Get Professional Help with Your Descriptive Statistics Assignment

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Get Professional Help with Your Descriptive Statistics Assignment

Descriptive Statistics Homework.

Descriptive Statistics
The data for this assignment is from problem 18in section 3.5, on page 176. I include the data in an Excel file. For StatCrunch, you select the data set from the book (3_5_18) to import the 60 data points.

Directions:

· Generate the descriptive statistics for both the babies with smoking fathers and with non-smoking fathers.

· You may work by hand, but this is a good chance to try Excel and/or StatCrunch for speeding many of the calculations.

· If you work in StatCrunch you will need to transfer the descriptive statistics into the two forms. A photo of any graphs may be inserted into your documents that you submit.

Print-Write-ScanType-Save
· You can print the two forms and write your answers on it. Then scan it (watch the videos in D2L about uploading written work).· The pages should be…· Right-side-up· Expanded to the full size of the page· Numbered in order, in one document· Saved as ONE file, either as a Word document or a PDF file. (I will not be able to grade google docs or Mac Pages or other file types).· It is important to double check the file after you upload it to make sure everything is complete and uploaded correctly.· You can type directly into the two Excel form files; one for Smokers and one for non-Smokers.· Download the files as Excel documents.· Type your descriptive statistics into the cells and draw bars into the histogram.· If you work with Excel functions, put the correct function into each statistic cell.· Save each file as an Excel spreadsheet or a PDF file· It is important to double check the file after you upload both files, or else merge the two spreadsheets into a single Workbook and upload it.

Numerical Data

Baby birth weights (grams)
NonsmokersSmokers
29762746 
30622768 
31282851 
32632860 
32902918 
33022986 
34233066 
34363129 
34543145 
34713150 
35183234 
35223255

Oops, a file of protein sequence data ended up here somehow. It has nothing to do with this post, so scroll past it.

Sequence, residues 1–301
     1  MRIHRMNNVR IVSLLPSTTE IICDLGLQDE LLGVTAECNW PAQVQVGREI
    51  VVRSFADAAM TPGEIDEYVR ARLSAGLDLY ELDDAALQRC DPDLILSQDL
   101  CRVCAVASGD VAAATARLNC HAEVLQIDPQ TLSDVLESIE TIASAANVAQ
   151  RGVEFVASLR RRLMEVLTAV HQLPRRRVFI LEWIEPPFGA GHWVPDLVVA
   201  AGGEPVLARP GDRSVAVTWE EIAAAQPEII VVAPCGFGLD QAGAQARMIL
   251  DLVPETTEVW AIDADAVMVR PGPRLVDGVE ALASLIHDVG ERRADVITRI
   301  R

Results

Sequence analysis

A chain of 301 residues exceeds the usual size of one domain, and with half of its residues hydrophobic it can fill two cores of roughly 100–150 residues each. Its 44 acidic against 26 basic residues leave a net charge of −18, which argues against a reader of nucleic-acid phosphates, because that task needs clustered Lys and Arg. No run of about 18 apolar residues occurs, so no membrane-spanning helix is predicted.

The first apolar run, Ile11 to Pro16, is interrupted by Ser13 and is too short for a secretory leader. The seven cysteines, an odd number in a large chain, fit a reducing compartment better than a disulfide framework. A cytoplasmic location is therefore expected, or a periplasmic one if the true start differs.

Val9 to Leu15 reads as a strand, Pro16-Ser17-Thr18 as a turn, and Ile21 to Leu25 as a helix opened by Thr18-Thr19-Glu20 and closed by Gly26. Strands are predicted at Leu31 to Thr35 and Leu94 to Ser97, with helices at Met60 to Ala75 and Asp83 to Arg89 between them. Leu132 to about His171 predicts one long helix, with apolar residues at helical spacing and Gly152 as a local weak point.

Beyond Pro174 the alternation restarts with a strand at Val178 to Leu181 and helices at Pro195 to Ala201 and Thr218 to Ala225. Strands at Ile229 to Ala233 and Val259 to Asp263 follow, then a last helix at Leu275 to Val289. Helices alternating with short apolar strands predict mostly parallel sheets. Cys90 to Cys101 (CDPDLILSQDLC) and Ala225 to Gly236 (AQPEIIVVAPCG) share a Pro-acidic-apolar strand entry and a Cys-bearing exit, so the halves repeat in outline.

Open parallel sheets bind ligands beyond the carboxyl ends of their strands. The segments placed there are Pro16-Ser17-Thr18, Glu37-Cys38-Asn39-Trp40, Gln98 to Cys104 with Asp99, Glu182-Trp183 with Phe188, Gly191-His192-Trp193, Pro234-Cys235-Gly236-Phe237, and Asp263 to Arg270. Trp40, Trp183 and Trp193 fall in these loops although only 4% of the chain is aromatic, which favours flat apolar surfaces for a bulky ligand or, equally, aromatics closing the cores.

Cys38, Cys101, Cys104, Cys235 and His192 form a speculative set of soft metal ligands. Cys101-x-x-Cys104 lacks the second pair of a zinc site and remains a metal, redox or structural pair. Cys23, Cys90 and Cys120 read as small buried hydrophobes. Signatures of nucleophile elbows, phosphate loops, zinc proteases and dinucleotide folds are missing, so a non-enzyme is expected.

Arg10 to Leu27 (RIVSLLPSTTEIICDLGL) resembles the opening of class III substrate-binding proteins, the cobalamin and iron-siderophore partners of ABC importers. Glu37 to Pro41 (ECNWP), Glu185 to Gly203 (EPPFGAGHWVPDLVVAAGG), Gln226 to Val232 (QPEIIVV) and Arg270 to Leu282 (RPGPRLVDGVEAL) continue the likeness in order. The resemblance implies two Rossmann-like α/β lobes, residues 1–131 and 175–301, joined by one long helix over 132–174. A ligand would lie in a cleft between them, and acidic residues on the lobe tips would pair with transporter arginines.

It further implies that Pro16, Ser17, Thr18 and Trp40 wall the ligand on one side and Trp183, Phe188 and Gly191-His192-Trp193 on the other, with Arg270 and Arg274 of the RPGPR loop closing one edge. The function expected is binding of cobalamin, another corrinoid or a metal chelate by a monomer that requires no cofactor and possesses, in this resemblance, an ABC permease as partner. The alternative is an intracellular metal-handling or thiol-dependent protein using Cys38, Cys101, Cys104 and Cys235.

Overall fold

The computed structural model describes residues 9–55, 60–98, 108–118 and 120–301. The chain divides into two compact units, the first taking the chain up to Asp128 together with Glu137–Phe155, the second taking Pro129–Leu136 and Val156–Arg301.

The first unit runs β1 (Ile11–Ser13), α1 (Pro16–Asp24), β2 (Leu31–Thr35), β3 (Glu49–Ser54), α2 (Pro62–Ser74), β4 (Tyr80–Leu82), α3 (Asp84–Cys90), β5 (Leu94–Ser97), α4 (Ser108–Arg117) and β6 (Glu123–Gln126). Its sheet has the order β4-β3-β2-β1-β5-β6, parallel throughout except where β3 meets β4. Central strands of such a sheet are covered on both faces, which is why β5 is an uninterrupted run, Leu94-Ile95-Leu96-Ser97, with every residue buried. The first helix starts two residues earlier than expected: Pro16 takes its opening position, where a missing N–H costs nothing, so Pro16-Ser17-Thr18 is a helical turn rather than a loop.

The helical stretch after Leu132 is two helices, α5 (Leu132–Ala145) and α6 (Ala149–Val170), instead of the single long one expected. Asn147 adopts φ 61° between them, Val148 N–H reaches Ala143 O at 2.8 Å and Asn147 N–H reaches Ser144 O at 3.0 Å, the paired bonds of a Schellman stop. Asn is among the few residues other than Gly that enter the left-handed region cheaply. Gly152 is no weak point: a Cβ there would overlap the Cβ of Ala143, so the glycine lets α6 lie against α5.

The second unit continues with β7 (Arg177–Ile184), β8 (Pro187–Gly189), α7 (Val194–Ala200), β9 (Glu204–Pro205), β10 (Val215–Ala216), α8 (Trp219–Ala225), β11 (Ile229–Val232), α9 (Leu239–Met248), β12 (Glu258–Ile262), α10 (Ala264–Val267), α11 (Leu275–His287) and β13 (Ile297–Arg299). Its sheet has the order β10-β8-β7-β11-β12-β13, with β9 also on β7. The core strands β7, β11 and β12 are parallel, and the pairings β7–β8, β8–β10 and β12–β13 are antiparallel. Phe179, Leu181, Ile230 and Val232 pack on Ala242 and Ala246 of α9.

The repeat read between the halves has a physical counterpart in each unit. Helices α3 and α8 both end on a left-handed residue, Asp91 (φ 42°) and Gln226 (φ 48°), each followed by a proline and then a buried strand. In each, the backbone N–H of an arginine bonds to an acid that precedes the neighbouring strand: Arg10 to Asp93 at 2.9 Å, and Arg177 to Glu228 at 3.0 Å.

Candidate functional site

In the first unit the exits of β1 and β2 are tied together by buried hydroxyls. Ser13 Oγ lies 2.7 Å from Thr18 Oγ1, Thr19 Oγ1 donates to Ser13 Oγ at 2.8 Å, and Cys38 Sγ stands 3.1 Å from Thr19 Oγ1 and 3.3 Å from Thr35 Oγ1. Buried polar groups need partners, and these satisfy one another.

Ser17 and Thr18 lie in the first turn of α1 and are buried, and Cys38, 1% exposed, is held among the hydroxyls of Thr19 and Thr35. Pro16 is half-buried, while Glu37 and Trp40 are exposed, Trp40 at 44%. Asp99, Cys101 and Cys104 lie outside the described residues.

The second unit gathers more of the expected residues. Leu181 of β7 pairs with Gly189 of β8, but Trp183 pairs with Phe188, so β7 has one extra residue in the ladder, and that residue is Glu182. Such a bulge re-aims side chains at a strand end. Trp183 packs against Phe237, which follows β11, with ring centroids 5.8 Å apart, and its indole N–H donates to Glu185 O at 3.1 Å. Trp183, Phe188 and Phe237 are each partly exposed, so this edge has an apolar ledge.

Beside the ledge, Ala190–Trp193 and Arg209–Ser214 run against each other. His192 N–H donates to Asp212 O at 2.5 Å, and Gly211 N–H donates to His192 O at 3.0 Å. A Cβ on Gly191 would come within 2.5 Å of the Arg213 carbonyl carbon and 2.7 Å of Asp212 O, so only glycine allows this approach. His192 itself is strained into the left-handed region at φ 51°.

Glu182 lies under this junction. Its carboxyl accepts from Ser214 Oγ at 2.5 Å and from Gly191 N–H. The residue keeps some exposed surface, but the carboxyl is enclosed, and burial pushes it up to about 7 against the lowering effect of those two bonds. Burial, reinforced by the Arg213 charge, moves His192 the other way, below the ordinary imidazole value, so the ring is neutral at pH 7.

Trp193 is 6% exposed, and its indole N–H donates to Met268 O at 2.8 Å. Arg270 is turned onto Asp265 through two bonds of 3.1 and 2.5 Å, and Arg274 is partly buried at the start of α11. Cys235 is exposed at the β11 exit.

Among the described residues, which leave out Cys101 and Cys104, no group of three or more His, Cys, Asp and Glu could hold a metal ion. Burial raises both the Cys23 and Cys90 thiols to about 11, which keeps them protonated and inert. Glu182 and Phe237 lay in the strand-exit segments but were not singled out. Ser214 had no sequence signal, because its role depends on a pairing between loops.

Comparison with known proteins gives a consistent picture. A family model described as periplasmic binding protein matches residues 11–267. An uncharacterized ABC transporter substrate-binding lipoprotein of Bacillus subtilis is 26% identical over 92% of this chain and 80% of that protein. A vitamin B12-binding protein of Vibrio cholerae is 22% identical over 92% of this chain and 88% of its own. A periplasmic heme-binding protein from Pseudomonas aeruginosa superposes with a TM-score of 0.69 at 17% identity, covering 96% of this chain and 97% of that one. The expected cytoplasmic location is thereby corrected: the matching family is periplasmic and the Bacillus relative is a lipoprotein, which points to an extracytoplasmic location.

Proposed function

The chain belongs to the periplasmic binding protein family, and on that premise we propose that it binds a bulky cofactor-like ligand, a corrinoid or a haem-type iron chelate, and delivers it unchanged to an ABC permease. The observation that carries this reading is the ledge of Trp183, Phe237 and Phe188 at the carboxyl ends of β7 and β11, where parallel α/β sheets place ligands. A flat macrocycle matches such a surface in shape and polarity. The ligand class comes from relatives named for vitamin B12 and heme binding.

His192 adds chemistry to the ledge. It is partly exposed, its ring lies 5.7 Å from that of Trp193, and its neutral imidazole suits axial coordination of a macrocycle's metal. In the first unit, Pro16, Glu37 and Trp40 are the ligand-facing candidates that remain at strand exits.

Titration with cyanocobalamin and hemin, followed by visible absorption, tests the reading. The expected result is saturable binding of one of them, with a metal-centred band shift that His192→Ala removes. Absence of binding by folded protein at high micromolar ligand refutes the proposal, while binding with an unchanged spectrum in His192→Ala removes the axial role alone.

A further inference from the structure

35443282 
35443455 
36683457 
37193493 
37323502 
37463509 
37713548 
37833629 
38233686 
38843769 
39763807 
39943892 
40193963 
40543998 
40674104 
41944131 
42484216 
4354 4263 

1) The data points are all in the Excel files. The data may be copied and pasted into StatCrunch.

2) If you work with a calculator, you will need to enter the data points by hand.

3) The following Descriptive Statistics must be calculated twice, once for the Smoker fathers (30 data points) and again for the non-smoker fathers.

a. Fill in the Frequency and Relative Frequency table, including totals for both columns.

b. Draw a histogram using the premade grid, or generate a histogram using Excel or StatCrunch and pasting in an image)

c. Enter the Measures of Central Tendency – mean, median, and mode.

d. Enter the Measures of Dispersion – Standard Deviation, Variance, and Range.

e. Enter the 5 number summary – minimum, quartile 1, median, quartile 3, and maximum.

f. Calculate the Z-score for both the minimum and the maximum values. State if either weight is an outlier.

g. Calculate the lower and upper fences (using IQR). State if either the minimum or maximum weight is an outlier.

h. Hand-draw a boxplot, or else paste a boxplot generated with Excel or StatCrunch.

4) Repeat for all the calculations for the non-Smokers set of 30 data points.

5) Compare the two completed forms to see if there appears to be a difference in birth weight between babies with smoker fathers and those with non-smoker fathers. This is the possible results for the study. Do any of the statistics seem to support the idea that second hand smoke from fathers reduce the birth weight of the babies?

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